Diagnostic Methods and Treatment Options for STDs

Sexually transmitted diseases

Sexually transmitted diseases (STDs) or sexually transmitted infections (STIs) or venereal diseases (VD) occur because of transfer of infectious organism in a sexual contact. STDs occur because of harmful bacteria, parasites, yeast, and viruses. Sometimes, STDs occur on account of spreading with the organisms at a mother to infant during childbirth or during breast-feeding through unsterilized drug needles, and during blood transfusions.

Some specific varieties of STDs are:

Bacteria-related STDs

Chlamydia (Chlamydia trachomatis)
Gonorrhea (Neisseria gonorrhea)
Syphilis (Treponema pallidum)
Chancroid (Haemophilus ducreyi)

Viruses-related STDs

Crabs, generally known as pubic lice
Hepatitis B and D, and infrequently, A*, C*, E* (hepatitis viruses, types A-E)
Genital herpes (herpes virus)
Genital warts (human papillomavirus virus [HPV])
HIV/AIDS (human immunodeficiency virus [HIV virus])
Molluscum contagiosum* (poxvirus)

Protozoan-related STDs

Trichomoniasis (Trichomonas vaginalis)

Parasites-related STDs

Pubic lice or crabs (Pediculosis pubis)

Fungi-related STDs

Yeast infections (Candida albicans)

Genital areas are likely to be moist and warm and are also ideal environments for that growth of yeasts, viruses, and bacteria etc.

Symptoms of Sexually Transmitted Diseases (STDs)

Painful ulcers within the genitals
Rashes, fever, headache and cough, achy joints
Recurring outbreaks of blister-like sores around the genitals
Fatigue, night sweats, chills
Sore throats, swollen lymph nodes
Weight loss
Strong vaginal odor
Vaginal itching or irritation and painful urination
Serious complications of AIDS including unusual infections or cancers, weight reduction, intellectual deterioration (dementia), and death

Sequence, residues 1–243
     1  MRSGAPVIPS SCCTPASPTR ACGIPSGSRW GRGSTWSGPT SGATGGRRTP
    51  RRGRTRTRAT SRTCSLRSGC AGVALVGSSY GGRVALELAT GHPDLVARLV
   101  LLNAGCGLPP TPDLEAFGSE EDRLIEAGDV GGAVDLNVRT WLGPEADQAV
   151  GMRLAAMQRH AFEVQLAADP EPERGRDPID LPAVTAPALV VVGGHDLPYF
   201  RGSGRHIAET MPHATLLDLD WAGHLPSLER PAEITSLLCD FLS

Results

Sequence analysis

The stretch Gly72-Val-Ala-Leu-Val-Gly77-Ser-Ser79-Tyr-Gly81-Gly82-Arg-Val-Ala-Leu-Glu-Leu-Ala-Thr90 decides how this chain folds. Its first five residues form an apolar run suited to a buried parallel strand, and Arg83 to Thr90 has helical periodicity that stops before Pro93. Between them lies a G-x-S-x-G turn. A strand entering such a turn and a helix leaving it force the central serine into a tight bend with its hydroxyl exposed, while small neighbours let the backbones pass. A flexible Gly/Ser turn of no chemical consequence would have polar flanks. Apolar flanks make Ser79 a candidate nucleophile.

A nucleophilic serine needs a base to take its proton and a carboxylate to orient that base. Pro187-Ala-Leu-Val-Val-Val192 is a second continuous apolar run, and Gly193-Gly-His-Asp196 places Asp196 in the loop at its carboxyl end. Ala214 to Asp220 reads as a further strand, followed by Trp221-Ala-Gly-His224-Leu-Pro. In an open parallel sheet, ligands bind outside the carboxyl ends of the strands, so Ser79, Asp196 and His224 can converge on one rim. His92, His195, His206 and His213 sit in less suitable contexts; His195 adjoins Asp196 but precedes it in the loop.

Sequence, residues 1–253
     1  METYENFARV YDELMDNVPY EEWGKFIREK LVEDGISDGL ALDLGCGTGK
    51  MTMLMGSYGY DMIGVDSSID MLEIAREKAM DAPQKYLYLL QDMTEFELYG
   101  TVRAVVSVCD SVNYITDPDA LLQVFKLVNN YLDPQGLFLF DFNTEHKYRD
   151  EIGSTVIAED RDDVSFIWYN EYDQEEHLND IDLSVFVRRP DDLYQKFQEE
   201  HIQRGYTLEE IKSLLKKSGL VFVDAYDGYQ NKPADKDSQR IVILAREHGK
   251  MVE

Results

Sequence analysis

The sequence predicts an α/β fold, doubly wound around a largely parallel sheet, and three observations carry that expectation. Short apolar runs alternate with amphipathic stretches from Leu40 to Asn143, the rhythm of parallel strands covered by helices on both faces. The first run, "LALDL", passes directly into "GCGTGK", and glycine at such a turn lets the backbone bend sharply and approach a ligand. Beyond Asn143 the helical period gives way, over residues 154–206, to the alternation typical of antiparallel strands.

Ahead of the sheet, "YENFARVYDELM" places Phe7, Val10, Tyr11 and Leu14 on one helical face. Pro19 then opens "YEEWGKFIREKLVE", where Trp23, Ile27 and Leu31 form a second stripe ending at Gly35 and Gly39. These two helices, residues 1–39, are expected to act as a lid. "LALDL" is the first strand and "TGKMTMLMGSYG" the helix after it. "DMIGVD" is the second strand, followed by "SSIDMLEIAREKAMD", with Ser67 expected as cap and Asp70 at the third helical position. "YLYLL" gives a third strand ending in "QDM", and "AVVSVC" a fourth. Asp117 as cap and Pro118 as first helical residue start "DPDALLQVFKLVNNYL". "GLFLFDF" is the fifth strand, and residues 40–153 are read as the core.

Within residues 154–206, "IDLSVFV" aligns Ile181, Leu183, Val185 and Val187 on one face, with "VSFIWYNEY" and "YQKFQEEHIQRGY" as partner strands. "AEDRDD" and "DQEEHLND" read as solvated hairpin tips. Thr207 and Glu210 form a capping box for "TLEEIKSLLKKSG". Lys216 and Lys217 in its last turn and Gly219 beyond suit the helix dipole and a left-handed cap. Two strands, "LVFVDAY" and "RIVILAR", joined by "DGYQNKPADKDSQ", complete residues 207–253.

During transmission, the possibilities of disease transfer depend around the donor carrying chlamydia and within the carrier. For example, in the event of herpes, HSV 2 transmission probability is:

Herpes male to non herpes female = 10%
Herpes female to non herpes male = 4%.

Some STDs, for instance genital herpes and HIV, that can cause AIDS can’t be cured but tend to only be controlled with medication.

For the treating of STDs,

antibiotics tend to be commonly preferred regarding bacterial infection
for viruses, antiviral medications or anti-retroviral treatment therapy is given

Diagnosis methods

Blood tests: Blood tests assist with confirm the carried out HIV and AIDS or sometimes the later stage of syphilis.
Urine samples: Sometimes, STDs is usually confirmed which has a urine sample.
Fluid samples: In case of active genital sores, fluid and samples through the sores are collected being tested to identify the type of infection. In some cases, laboratory tests of samples at a genital sore or discharge are used in order to identify some STIs (sexually transmitted infections).
Pregnant women are screened to avoid the issue transfer for the baby

Treatment and prevention for STDs

Antibiotics: Antibiotics can cure many sexually transmitted bacterial and parasitic infections, including gonorrhea, syphilis, chlamydia and trichomoniasis. But, often there is a possibility that chlamydia might reoccur.
Antiviral drugs: Antiviral drugs slow up the risk of infection, however, there is still plausible that the issue can occur again. Antiviral drugs will keep HIV infection in order for many years, nevertheless the virus persists and may still be transmitted, although risk is leaner.
As early care is given, greater effective it can be.
Healthcare professionals reference safer sex to lessen the risk of STDs, for instance the utilization of condoms within a sexual activity. But safer sex methods cannot always provide complete protection from an STI.
Avoid contact during transfer of and contact with bodily fluids, for example blood transfusions as well as other blood products, sharing injection needles, sharing tattoo needles, etc.
Abstinence is avoiding or stopping from any sexual act by having an affected person which is the most effective way to stop an STI.
Monogamy to 1 uninfected partner: A long-term, monogamous relationship with a single person lowers the probability of contracting an STI.

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